While time-consuming and labor-intensive, you may want to consider digging up herb plants and keeping indoors as potted plants in the winter. If you have herbs that you are super-attached to, this is a good option. Rosemary is a little on the fussy side (2), so be very careful if you choose to do this with your outdoor rosemary plants. However, there is always some risk of killing a plant by doing this, so take your time and be gentle with them. 

Mint, oregano, and thyme will survive winter, but if you bring them inside in pots you can enjoy fresh herbs for cooking with all winter long.

Winter care for different classes of herbs

If you’re not sure which plants fall under which category, see the handy list at the end of this article for a clear explanation of which plants can survive winter temperatures. 

Annuals and Biennials 

Basil and parsley are unable to take a freeze but will produce happily indoors all winter long under the right conditions. If you dig parsley up to put in a pot, make sure you get as much of the long taproot as possible. Your parsley and basil will definitely want supplemental light through winter, and in its second year parsley will begin to fade out as it prepares to produce a seed stalk. 

Tender Perennials

Certain herb garden favorites like curry plants, lemon verbena, marjoram, pineapple sage, rosemary, and sweet bay laurel are considered tender perennial herbs. These tender herbs need a little extra love when the temperatures drop down to freezing if you want them to continue producing over time.

For lemon verbena and pineapple sage, you can dig plants out of the ground and pot them up to take inside for the winter. In temperate climates, sweet bay is best as a container plant moved from outdoors to a sunny indoor spot in the winter. Some rosemary is winter-hardy (to a limited extent), but it’s always a good idea to propagate extra plants in the spring to keep in containers just in case you have to replace a plant that succumbs to cold temperatures outdoors.

Hardy Perennials

For hardy perennial herbs, follow instructions for overwintering plants and you can’t go wrong. If you overwinter plants outdoors, always be prepared for failure, because the weather is unpredictable. Read the farmer’s almanac and see if a cold winter is predicted.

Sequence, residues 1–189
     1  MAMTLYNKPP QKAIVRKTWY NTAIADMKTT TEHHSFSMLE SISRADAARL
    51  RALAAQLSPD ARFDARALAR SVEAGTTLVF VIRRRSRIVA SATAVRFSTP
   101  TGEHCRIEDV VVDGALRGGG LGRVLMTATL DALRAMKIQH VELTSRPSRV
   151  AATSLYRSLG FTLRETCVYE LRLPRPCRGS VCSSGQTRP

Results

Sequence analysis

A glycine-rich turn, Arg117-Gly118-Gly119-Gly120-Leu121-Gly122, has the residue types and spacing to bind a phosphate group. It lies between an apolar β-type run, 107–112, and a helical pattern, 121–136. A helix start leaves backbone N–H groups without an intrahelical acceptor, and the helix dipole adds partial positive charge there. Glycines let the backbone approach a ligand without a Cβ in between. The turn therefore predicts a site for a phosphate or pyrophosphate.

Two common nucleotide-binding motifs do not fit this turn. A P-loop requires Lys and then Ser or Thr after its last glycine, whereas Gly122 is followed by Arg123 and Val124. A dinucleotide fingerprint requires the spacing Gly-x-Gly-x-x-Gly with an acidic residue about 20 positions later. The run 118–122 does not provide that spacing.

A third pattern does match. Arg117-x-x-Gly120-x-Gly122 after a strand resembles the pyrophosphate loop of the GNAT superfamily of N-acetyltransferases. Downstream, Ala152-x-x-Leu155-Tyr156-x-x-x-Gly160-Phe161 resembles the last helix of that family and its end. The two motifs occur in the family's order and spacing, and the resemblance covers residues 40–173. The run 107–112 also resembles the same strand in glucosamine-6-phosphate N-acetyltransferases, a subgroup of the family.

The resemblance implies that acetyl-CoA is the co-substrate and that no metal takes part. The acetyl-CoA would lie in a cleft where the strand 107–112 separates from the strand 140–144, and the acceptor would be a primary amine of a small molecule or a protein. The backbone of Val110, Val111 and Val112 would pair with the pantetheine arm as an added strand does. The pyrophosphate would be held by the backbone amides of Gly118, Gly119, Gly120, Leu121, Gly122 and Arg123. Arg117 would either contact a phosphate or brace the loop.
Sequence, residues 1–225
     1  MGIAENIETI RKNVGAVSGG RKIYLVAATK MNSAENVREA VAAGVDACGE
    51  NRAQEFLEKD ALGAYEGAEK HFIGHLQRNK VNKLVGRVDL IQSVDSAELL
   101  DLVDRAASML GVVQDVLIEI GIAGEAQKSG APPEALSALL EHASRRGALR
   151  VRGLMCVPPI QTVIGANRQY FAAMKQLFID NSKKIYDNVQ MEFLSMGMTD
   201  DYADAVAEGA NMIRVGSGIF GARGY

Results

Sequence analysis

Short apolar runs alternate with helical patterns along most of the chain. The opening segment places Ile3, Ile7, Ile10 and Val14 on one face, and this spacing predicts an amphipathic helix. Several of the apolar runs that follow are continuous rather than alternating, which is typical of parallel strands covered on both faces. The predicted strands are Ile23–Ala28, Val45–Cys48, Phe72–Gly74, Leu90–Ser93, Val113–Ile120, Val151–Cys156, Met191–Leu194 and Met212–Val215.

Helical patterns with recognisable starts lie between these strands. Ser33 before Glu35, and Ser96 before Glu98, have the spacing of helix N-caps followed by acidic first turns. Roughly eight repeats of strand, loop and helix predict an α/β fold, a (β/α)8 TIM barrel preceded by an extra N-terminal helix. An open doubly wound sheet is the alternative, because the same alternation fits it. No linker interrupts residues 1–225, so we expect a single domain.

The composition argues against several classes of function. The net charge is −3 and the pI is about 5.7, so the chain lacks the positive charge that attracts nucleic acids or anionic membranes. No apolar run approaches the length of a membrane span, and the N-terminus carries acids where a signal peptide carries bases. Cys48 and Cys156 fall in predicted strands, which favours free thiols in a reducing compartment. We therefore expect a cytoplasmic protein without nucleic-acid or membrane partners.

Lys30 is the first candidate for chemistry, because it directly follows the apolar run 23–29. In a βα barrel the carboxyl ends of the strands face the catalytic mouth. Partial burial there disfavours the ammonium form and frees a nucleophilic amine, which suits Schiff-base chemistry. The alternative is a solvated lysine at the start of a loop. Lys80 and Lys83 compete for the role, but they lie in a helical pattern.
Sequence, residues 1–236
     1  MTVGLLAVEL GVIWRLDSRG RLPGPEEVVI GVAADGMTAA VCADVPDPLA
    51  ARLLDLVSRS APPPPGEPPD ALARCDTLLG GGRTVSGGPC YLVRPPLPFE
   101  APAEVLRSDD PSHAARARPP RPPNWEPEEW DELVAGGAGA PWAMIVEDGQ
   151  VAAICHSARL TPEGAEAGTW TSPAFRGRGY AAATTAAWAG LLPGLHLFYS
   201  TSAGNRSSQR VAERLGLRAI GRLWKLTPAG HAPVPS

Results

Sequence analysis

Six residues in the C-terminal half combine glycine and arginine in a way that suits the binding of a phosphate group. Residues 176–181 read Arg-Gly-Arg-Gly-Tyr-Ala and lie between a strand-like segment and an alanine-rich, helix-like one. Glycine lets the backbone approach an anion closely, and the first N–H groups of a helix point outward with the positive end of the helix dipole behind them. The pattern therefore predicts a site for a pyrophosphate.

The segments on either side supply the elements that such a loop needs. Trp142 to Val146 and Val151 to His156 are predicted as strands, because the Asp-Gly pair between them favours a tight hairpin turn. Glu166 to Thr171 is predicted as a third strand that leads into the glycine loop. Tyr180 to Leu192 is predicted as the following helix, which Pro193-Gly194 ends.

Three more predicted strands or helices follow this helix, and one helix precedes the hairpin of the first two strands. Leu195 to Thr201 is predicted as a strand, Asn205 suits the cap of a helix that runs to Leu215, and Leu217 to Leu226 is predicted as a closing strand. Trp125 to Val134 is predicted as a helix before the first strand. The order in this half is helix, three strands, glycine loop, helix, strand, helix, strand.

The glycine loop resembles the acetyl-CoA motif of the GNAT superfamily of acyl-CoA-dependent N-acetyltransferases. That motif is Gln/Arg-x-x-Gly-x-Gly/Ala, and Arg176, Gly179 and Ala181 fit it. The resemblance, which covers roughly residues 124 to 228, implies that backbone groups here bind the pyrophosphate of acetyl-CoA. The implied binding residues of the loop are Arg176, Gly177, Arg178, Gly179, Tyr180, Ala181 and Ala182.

Herbs that CAN survive winter and cold weather:

  • Chives- are fine overwintering and will benefit from a period of dormancy
  • Lavender- Consider covering and/or cutting back and mulching over
  • Lemon verbena- Plan on cutting back to 6 inches and mulching over
  • Mint- Dormant in winter, consider covering, cutting back or potting up for indoor use
  • Oregano- Check growing guides for winter hardiness, consider covering or cutting back
  • Rosemary- Check growing guides for winter hardiness, consider covering or cutting back
  • Sage{: target="_blank" rel=“noopener”}- Check growing guides for winter hardiness, consider covering or cutting back
  • Thyme- Check growing guides for winter hardiness, consider covering or cutting back

Herbs that CAN NOT survive winter and cold weather:

  • Basil{: target="_blank" rel=“noopener”}- will do well over winter indoors with supplemental light (do not place too close to a window if it is freezing outside)
  • Cilantro- Let it go to seed and collect seed for planting next spring or for cooking with
  • Parsley- will produce for 2 years straight including winter indoors with supplemental light
  • Lemongrass- must be brought inside during the winter to survive

 Gardening tips for pre-winter

  • Take an inventory of your herbs in early fall and make a winter plan for them. 
  • Harvest fresh leaves and preserve them for winter use by drying and storing in airtight containers or using other preservation methods
  • Take cuttings of plants you plan to overwinter, just in case any of them don’t survive. 
  • Clear off your sunny windowsills to make room for potted herbs that you will bring indoors. 
  • Collect seeds from annual herbs to plant next spring when the cold weather is over.

Much of herb gardening is trial and error, so don’t be discouraged if you lose a plant or two to a cold snap. If you take your time and do a bit of planning, you can still enjoy many herbs year-round, and you can replace your plants in the spring. 

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Francesca Singer
About the author

Francesca Singer

A former Texan farmer & landscape architect, she can be found working in the garden, wrangling a toddler, or wielding power tools on her rural French property.